Offence: Theft of a payphone and loose change - Cond discharge 12 months, Costs and Vic Surcharge £120

    Offence: Drunk and Dizzy (Disorderly) - Fined £130 Vic Surcharge £30

    Offence: 3 men charged with Not purchasing a train ticket - each fined £220, Costs £150, Vic Surcharge £30 and Compensation £4.20

    Offence: A younger male - Not purchasing a train ticket - Fined £440, Costs £150, Vic surcharge £44 and compensation £2.20

    Offence: Reckless criminal damage - Defendant NFA ( No Fixed Abode) Comp £150, Fine £150, Vic Surcharge £30.

    Offence: Possession of a bladed article in a public place - SSO (12 weeks imp) Vic Surcharge £115, Costs £85

    Offence: Assault/reckless criminal damage - Community Order inc 120 hours UPW, £250 compensation.

    This is a Northern City Magistrates Court.

  3. I'm working in East Midlands NPS and a thought occurred to me today. Under E3 lots of us have moved into Court team to undertake sentencing assessments, and no PSRs will come to the remainder of us in the field teams.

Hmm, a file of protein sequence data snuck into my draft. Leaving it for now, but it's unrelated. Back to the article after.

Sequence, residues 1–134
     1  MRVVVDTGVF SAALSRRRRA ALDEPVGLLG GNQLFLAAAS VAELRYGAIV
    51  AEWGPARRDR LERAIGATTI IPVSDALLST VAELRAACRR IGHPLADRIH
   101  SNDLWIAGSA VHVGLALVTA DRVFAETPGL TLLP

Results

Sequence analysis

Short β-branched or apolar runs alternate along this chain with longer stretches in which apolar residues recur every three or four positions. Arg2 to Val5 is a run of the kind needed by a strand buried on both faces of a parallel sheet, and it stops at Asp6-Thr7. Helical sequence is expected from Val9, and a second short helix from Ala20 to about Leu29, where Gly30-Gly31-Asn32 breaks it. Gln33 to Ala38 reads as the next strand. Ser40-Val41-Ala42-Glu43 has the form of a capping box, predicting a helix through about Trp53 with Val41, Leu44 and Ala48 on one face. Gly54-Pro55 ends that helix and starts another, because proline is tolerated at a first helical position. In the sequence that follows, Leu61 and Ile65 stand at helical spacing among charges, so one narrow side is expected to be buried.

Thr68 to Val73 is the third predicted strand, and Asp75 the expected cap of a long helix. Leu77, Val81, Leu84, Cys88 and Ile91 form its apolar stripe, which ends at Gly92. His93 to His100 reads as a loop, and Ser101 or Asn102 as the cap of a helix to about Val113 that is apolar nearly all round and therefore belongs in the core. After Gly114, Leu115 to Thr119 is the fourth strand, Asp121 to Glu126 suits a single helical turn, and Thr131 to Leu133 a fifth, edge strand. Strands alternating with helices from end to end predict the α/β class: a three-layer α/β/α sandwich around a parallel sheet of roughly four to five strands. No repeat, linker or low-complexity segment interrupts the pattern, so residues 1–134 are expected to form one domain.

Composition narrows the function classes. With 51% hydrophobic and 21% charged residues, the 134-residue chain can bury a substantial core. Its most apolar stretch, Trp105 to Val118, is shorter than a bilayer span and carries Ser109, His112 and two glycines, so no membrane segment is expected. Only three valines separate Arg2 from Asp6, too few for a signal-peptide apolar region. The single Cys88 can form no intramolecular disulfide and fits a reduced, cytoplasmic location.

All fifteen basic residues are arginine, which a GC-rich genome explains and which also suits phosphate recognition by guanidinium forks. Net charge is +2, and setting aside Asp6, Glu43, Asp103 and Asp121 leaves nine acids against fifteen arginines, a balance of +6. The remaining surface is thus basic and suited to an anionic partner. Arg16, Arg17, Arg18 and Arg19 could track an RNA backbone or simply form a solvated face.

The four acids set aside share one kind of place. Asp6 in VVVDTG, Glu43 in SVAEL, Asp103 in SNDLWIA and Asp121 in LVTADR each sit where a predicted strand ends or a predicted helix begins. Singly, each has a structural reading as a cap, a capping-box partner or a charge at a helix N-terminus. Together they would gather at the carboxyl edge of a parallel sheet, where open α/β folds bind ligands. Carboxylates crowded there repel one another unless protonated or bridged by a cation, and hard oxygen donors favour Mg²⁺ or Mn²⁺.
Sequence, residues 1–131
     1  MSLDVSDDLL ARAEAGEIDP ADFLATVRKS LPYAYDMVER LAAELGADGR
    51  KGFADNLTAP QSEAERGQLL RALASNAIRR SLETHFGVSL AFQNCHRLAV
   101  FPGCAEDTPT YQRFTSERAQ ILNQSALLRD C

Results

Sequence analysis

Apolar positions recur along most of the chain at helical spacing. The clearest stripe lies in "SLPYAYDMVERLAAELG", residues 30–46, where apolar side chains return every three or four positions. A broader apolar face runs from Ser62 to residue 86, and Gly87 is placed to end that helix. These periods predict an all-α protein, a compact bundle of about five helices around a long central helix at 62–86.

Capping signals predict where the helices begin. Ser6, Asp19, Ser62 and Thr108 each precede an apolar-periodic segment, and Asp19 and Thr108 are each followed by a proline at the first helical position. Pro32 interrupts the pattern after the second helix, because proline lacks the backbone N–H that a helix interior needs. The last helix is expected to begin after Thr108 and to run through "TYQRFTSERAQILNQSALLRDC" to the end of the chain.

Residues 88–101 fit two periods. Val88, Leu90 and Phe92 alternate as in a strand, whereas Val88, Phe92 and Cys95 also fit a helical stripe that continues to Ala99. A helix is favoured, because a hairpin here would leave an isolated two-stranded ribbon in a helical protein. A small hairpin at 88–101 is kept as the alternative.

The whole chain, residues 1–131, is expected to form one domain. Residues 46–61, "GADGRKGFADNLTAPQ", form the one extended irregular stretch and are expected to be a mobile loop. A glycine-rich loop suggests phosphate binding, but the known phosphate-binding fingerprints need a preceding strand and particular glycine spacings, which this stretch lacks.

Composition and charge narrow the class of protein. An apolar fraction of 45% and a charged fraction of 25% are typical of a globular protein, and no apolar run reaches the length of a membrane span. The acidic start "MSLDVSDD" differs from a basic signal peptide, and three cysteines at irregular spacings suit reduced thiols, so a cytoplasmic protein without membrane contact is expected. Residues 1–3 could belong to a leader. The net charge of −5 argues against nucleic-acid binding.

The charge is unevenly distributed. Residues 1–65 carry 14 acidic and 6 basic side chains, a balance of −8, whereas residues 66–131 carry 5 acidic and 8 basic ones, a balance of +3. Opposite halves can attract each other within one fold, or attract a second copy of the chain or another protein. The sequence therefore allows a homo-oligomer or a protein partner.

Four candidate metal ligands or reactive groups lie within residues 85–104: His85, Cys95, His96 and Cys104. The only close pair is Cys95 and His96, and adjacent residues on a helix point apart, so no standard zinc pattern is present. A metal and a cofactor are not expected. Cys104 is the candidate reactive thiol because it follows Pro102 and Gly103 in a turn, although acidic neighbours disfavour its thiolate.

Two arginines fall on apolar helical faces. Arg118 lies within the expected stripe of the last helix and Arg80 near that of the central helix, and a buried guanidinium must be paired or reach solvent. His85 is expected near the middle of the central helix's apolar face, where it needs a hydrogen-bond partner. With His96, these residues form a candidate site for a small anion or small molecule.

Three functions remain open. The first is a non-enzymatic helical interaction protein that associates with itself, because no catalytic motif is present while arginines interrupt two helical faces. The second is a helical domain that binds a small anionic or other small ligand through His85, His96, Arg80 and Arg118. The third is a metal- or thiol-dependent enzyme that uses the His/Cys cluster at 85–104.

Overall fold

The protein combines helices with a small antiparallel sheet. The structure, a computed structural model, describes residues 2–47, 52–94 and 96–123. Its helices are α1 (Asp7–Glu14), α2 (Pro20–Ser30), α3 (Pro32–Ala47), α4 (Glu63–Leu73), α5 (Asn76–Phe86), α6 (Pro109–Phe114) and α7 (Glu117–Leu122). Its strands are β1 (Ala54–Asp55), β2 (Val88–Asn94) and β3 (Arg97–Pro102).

But what would happen if this small number of assessors got into a culture of proposing CDs, Curfews and standalone SSOs without supervision. There is some sense to it also, in terms of diversion from custody, but it would screw the CRC over completely.

    1. Actually the way to screw the CRCis to propose a RAR or Unpaid Work with every sentence. The RAR (maximum days) is the better option as it makes it much more difficult for CRC's to get rid of staff.

  4. I disagree with the article. It's well intended but as most breaches are for non-attendance there is limited opportunity to consider circumstances.

  5. ORA & supervision for everyone has simply collapsed the CJS & any possibility of effective/meaningful rehabilitative intervention. Risk averse incompetents running Trusts had ensured the breach system was disappearing up its own fundament even before the privatisation catastrophe brought the roof down.

    P.S: one repeatable amusement from the evening's show of solidarity was "#StandUpToTrump or just raise one cheek, whichever you prefer".

    1. Actually what collapsed the CJS & any possibility of effective/meaningful rehabilitation is the silly policies of building new (Titan) prisons, privatisation of probation and the ever increasing police state !